Friedman's attacks on the Israeli government do not serve Western interests, and they are not welcomed as reliable or relevant by Israeli citizens. Rather, Freidman’s commentary only serves to strengthen radical Islamic regimes in the Mideast who are opposed to Israel and the West.
The Hamas lesson
Here in Israel, Prime Minister Netanyahu's response to the Egyptian crisis has been to cautiously and pragmatically look after Israel’s vital interests. By no means is the Israeli government attempting to stifle the development of true democracy in the Arab world. However, it is unquestionably the duty and obligation of any government to consider the strategic implications of any international development.
Let's examine what happened when the Israeli government previously failed to consider its national interest and instead listened to the US president in an attempt to bring "democratic revolution in the region." Former US President George W. Bush forced then Israeli PM Ariel Sharon to allow Hamas to run in the 2006 Palestinian elections. Although the vote was democratic, what happened next was the antithesis of democratic rule. Hamas attacked Fatah, launched an armed coup in Gaza and forcibly eliminated its opposition. Today, Hamas exercises dictatorial and autocratic control in Gaza, and no one recalls the political process that brought it to power.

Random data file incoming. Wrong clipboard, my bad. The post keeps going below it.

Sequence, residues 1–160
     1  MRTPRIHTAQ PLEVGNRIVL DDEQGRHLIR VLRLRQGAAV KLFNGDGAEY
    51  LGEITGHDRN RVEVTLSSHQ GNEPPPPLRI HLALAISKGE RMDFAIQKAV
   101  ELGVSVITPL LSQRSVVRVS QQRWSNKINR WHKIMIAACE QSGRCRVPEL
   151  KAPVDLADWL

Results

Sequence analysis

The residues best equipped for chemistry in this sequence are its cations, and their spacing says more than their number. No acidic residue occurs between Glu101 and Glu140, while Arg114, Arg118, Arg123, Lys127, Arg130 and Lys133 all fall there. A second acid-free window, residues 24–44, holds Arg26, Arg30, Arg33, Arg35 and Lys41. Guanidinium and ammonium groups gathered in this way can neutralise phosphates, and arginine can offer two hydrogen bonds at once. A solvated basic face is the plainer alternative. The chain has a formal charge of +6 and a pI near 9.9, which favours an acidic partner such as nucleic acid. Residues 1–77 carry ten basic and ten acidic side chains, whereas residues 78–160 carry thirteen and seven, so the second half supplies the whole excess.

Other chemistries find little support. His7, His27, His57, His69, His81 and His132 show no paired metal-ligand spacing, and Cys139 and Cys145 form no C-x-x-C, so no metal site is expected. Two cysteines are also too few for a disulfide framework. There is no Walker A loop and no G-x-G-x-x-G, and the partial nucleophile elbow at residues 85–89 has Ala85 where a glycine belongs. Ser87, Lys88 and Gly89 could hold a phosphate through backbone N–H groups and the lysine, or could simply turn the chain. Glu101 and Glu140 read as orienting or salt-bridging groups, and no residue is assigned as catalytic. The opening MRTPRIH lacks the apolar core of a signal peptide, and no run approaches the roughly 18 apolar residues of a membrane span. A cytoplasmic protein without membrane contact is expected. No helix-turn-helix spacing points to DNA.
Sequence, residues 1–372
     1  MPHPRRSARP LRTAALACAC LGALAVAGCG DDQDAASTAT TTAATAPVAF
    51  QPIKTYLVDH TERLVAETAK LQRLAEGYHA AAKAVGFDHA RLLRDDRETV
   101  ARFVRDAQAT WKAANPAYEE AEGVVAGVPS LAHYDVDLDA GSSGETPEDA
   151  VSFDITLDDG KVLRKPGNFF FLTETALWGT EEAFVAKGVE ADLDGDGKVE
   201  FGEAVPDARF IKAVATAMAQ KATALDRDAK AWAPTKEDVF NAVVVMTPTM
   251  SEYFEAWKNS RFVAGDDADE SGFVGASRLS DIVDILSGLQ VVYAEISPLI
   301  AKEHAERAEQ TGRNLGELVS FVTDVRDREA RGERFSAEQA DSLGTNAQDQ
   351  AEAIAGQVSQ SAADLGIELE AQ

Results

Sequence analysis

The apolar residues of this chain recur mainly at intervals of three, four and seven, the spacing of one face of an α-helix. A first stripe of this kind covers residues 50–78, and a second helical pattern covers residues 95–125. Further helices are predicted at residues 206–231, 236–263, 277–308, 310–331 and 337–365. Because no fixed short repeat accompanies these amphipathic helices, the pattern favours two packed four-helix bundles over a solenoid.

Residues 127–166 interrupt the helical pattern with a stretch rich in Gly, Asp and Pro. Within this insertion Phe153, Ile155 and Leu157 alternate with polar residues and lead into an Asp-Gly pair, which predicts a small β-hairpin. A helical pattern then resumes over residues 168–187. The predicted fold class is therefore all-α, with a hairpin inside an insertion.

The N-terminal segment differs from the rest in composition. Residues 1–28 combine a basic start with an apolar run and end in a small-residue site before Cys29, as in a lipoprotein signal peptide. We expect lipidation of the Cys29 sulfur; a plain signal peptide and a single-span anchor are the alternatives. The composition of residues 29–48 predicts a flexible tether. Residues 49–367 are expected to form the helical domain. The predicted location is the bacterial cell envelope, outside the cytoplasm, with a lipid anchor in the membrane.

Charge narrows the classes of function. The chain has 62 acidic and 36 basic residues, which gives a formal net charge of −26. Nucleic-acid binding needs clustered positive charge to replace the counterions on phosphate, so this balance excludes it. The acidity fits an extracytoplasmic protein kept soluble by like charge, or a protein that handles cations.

Every citizen who believes in liberal democracy was moved at the sight of the anti-authoritarian protests in Egypt, but we should not be confused. Through Mubarak's doing, Egypt today lacks organized and pluralistic civil society. Apart from the army, the only truly organized political opposition force in Egypt is the Muslim Brotherhood.